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The Rappaport Institute looks forward to continuing to make substantial future contributions in biomedical research"

Professor Karl Skorecki

Haptoglobin Genotype Determines Myocardial Infarct Size in Diabetic Mice

14 March, 2007

The Rappaport Family Institute for Research in the Medical Sciences is happy to announce the publication of two papers co-authored by Prof. Andrew Levy and Dr. Shany Blum. The first paper, “Haptoglobin Genotype Determines Myocardial Infarct Size in Diabetic Mice” was published in the January 2007 issue (Vol 49, No.1, 2007) of  the Journal of the American College of Cardiology (JACC) and the second paper, “BXT-51072 and the prevention of myocardial ischemia-reperfusion injury” was published in the March 2007 Issue of Letters in Drug Design and Discovery (2007;4:160-162). Both papers detail the extensive research conducted by Prof. Levy and Dr. Blum, on the antioxidant, BXT-51072, a glutathione peroxidase (GPx) mimic and its ability to prevent myocardial ischemia-reperfusion injury in Hp 2 mice. Prof. Levy is also from the Technion Faculty of Medicine, Technion-Israel Institute of Technology, Haifa. 

The Hp 2 genotype is associated with an increased myocardial infarction size in diabetic (DM) mice and humans, when compared to the Hp 1 genotype. Therefore, the findings from their research are very exciting because they may lead to the development of improved treatment for diabetes related cardiovascular disease.

Oxidative stress increases in a setting of ischemia reperfusion in Hp 2, due to an increased production of hemoglobin (Hb) derived reactive oxygen species (ROS). This may then cause membrane lipid peroxidation and myocardial injury. Administration of  BXT blocks the membrane lipid peroxidation and has been shown to provide profound protection against myocardial injury due to ischemia and reperfusion in Hp 2 diabetic mice.

Oxidative stress is responsible for myocardial injury occurring after ischemia and reperfusion (IR). Oxidative stress has also been shown to be modulated by the Haptoglobin (Hp) genotype. BXT – 51072 provides protection against IR injury in an Hp genotype dependent fashion.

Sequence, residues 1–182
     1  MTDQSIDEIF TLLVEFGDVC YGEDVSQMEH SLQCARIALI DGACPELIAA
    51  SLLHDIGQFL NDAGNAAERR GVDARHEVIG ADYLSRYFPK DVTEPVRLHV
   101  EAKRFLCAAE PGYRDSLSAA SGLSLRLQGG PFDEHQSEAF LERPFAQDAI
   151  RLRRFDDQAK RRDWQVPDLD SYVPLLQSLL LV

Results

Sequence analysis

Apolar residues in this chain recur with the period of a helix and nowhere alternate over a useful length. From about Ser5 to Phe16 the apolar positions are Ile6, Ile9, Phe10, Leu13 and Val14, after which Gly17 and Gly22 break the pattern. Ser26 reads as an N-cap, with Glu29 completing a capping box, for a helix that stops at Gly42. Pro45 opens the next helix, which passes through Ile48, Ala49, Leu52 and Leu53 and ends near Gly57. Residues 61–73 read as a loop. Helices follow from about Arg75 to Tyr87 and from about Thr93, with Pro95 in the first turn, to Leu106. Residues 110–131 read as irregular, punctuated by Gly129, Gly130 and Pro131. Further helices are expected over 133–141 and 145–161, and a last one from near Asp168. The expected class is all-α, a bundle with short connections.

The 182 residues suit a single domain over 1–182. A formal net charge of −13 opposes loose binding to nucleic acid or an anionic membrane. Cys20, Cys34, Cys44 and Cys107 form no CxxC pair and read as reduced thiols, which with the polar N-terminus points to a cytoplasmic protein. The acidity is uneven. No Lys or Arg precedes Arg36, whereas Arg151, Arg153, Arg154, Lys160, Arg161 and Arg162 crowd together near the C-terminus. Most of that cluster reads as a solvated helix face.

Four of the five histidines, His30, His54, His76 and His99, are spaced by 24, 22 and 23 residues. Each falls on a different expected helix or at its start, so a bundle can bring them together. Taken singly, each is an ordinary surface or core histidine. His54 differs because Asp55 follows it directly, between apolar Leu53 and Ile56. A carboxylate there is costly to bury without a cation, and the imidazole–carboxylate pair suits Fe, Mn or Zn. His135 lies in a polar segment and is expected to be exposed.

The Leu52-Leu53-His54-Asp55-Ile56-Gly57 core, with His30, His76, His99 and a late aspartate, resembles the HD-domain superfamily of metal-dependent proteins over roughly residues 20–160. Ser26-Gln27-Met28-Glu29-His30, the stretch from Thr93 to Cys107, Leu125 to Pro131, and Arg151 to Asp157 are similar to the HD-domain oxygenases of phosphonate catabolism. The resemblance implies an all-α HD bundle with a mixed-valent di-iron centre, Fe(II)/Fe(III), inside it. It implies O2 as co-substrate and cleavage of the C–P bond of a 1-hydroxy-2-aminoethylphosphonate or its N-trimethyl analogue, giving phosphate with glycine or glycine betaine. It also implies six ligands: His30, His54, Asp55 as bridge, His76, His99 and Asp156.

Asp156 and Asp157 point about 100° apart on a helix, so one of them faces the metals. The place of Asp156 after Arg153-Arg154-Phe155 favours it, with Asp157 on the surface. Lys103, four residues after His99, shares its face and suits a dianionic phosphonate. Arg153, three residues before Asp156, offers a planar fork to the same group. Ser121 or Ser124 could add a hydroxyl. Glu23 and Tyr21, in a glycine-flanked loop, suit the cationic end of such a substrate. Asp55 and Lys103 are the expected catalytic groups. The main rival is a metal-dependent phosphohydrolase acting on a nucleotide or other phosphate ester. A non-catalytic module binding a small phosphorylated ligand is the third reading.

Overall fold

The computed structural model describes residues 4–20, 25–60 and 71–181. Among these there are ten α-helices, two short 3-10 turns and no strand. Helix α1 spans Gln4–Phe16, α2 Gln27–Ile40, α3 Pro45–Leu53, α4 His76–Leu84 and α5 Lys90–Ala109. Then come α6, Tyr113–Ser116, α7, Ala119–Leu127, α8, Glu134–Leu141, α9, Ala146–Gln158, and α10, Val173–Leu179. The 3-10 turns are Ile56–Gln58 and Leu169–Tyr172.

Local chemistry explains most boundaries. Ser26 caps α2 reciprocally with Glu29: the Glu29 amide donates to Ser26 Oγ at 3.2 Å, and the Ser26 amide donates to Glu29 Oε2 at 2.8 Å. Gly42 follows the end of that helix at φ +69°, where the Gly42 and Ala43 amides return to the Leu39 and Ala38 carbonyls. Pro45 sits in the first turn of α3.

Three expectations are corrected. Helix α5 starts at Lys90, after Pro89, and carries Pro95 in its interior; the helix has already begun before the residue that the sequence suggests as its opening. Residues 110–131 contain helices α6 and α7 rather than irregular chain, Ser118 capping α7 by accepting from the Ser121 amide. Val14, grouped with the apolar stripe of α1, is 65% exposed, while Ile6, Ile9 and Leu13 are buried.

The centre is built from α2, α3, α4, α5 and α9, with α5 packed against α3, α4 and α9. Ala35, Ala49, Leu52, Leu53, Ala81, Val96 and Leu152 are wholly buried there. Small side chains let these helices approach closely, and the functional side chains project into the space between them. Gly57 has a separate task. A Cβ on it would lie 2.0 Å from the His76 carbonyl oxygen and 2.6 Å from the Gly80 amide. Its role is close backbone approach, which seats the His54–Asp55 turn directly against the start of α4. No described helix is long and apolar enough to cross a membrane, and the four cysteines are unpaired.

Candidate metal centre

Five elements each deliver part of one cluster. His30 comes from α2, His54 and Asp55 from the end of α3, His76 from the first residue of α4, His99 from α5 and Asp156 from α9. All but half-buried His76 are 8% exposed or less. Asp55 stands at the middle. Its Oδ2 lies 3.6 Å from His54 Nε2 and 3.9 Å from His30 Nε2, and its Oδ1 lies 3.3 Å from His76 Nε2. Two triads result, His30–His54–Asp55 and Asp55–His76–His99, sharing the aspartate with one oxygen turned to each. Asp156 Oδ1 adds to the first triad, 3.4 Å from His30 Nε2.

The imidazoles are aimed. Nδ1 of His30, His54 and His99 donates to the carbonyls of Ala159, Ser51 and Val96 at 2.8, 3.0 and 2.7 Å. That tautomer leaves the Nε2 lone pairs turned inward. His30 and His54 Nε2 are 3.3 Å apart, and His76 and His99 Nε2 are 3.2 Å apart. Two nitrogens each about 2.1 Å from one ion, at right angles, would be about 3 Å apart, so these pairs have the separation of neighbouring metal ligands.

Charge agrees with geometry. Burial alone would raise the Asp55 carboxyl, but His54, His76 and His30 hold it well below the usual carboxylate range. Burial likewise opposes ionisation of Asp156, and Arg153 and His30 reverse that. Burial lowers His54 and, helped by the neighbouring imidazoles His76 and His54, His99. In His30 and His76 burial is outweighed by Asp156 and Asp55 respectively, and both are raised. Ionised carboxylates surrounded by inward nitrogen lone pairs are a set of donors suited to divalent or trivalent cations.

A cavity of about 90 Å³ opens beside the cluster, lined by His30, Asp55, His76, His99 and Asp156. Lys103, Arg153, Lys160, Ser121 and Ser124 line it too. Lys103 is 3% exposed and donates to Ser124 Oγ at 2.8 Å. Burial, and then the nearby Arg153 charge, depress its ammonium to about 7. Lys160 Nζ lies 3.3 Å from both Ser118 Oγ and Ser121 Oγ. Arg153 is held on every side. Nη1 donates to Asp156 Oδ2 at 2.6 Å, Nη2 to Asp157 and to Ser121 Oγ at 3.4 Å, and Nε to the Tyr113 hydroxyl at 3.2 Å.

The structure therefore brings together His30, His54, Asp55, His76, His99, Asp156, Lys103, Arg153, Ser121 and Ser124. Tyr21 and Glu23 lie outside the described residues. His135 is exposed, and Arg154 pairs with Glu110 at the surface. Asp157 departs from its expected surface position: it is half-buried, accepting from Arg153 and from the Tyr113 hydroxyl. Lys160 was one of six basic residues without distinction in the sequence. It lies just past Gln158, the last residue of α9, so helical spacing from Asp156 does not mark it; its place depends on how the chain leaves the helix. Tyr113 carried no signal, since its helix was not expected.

Myocardial ischemia and reperfusion (IR) plays a major role in determining the extent of myocardial injury in acute coronary syndromes. IR generates highly reactive oxygen species (ROS) which can mediate myocardial damage, both directly, by promoting peroxidation of membrane phospholipids and indirectly, by promoting an exaggerated inflammatory reaction.(1)   Moreover, the dramatic increase in ROS associated with IR in individuals with diabetes mellitus, can account for the significantly greater number of infarctions that occur in this population.

Prof. Levy used BXT-51072 on mice to test his theory that a polymorphism in the Haptoglobin (Hp) gene can determine the amount of lipid peroxidation and myocardial injury in acute coronary syndromes, in both human diabetic patients and in diabetic transgenic mice. His research findings show  that reducing lipid peroxidation in this setting may limit myocardial injury. GPx was chosen because it is an intracellular enzyme that is expressed in all tissues. While the chief function of Hp is to protect against lipid peroxidation by extracorpuscular (free) hemoglobin (Hb), GPx is the primary mechanism used by red blood cells to protect the cell membrane from lipid peroxidation, by the extraordinarily high Hb concentrations found within the cell.

The level of GPx is known to decrease in a diabetic setting. In-vitro and in-vivo studies with BXT have shown that it is capable of protecting cells against ROS, catabolizing lipid peroxides, and inhibiting inflammation. 

Since the Hp 2 allele exists only in humans, mice were genetically modified by introducing the human Hp 2 allele as a transgene, causing them to change their status from Hp1 to Hp2. 

After myocardial IR was induced in the mice, a comparison of the two groups was made to test the effectiveness of administering the BXT-51072. They found that the administration of BXT to Hp 2 mice resulted in a greater than 80% reduction in myocardial injury. Myocardial protection was observed with doses as low as 0.5mg/kg. However, no beneficial effect from BXT was found in Hp 1 mice.


While reperfusion after occlusion of a coronary artery is essential in order to restore the delivery of oxygen to the myocardium, it is well recognized that reactive oxygen species, generated during the reperfusion process, can induce a considerable amount of myocardial injury Despite the well recognized importance of oxidative stress in reperfusion injury, various antioxidant therapies have failed to show clinical benefit in reducing infarction size after ischemia and reperfusion.

Oxidative stress and myocardial injury are markedly increased in individuals and mice subjected to IR with the Hp 2 allele.   Accordingly, strategies designed to decrease oxidative stress in Hp 2 would be expected to reduce myocardial injury.  Administering the drug BXT-51072 shows the promise of providing dramatic myocardial protection for HP2 individuals.

Antioxidant therapy has failed to show a cardioprotective effect in multiple pre-clinical and clinical studies. Prof. Levy feels that his team’s findings suggest that a pharmacogenomic approach, whereby antioxidant therapy is dictated by the patient's Hp genotype, may be a clinically useful strategy that merits investigation.

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